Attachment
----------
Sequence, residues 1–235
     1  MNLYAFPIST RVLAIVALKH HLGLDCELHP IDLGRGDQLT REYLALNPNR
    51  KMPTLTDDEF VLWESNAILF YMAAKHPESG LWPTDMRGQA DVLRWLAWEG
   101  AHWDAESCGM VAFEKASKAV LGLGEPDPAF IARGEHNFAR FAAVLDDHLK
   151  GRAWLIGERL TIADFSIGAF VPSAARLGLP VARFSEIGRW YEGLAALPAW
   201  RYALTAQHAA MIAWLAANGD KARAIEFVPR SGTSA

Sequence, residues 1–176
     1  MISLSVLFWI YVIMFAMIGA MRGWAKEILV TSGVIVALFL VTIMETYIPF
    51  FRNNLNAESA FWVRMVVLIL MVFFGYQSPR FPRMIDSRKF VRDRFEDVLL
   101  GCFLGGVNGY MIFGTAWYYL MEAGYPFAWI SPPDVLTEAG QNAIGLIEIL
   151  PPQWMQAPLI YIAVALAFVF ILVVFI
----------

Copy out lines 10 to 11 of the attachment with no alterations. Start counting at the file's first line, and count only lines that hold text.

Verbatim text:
   101  GCFLGGVNGY MIFGTAWYYL MEAGYPFAWI SPPDVLTEAG QNAIGLIEIL
   151  PPQWMQAPLI YIAVALAFVF ILVVFI